Everything you need to know about

Eye Protection

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According to the Canadian National Institute for the Blind, over 700 Canadian workers sustain eye injuries resulting in lost time and/or temporary or permanent vision loss every day.

Nevertheless, 90% of these injuries could be preventable by the use of adequate safety glasses. Besides, eye injuries often occurs when a worker removes their eye protection while working near or passing by other hazardous activities on the job.

Most industrial eye injuries can be prevented by wearing the right protection for the job. Protective eyewear includes non-prescription and prescription safety glasses, goggles, face shields, welding helmets and full-face respirators and eye guards.

Flying Objects
Metal or wood shavings can pierce the cornea and eyeball and possibly cause the loss of an eye. 

Activities involving but not limited: Chipping, scaling, stonework, drilling, grinding, buffing, polishing, hammer mills, crushing, heavy sawing, planing, wire and strip handling, hammering, unpacking, nailing, punch press, lathework.

Dust, sawdust, etc.
They can cause irritation resulting in a corneal ulcer, causing the eye to become red, watery, or pus secretion.
Activities involving but not limited: Woodworking, sanding, light metal working and machining, exposure to dust and wind, resistance welding (no radiation exposure), sand, cement, aggregate handling, painting, concrete work, plastering, material batching and mixing

It can burn and severely damage the cornea.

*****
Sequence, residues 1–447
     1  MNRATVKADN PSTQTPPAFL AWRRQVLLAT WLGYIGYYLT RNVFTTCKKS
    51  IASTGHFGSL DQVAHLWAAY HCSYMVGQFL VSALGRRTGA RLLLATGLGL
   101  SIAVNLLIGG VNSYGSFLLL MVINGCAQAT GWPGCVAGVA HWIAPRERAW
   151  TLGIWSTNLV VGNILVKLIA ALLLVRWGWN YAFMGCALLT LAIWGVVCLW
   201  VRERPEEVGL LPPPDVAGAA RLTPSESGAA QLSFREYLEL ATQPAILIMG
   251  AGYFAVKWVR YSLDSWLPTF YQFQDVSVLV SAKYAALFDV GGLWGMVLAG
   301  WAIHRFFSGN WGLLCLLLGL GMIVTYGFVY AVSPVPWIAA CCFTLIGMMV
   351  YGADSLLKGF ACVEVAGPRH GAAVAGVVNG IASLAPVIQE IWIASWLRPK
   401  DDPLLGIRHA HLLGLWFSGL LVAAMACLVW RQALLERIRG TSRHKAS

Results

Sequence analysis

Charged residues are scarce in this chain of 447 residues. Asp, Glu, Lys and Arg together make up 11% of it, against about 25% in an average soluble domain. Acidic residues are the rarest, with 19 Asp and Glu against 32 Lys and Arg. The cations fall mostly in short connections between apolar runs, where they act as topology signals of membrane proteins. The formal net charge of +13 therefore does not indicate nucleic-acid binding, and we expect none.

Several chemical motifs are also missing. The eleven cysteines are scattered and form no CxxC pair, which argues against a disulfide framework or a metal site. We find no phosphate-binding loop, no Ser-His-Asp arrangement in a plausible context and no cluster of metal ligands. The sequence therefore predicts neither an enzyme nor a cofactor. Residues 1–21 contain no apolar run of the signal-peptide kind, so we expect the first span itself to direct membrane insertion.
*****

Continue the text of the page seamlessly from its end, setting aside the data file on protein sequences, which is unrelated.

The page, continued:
Activities involving but not limited: Babbiting, casting, pouring, molten metal, brazing, soldering, spot welding, stud welding, hot dipping operations.

Acid Splash or chemicals
They can burn the cornea, the conjunctiva (white coat on the eye), and the eyelid, and they are a possible cause of vision loss.

Activities involving but not limited: Acid and alkali handling, degreasing, pickling and plating operations, glass breakage, chemical spray, liquid bitumen handling.

Abrasive Sand
It can cause a corneal abrasion, which can result in vision loss.
Activities involving but not limited: Sand blasting, shot blasting, shotcreting

It can cause extreme eye fatigue.

Activities involving but not limited: Reflection, bright sun and lights, reflected welding flash, photographic copying

The cornea can be damaged due to the ultraviolet light from a welding arc.

Activities involving but not limited: Torch cutting, welding, brazing, furnace work, metal pouring, spot welding, photographic copying
Babbiting, casting, pouring, molten metal; brazing, soldering, spot welding, stud welding, hot-dipping operations

Eye protection equipment is classified into 6 classes based on the CSA Standard Z94.3-15: Eye and Face Protectors.

Class 2 Goggles

Safety goggles are devices contoured for full facial contact and are held in place by a headband or another suitable means and therefore offer greater eye protection than safety glasses.

They are impact resistant and must meet the minimum requirements of CSA Standard Z94.3.1-09. Like safety glasses, they are available in a variety of tints and shades.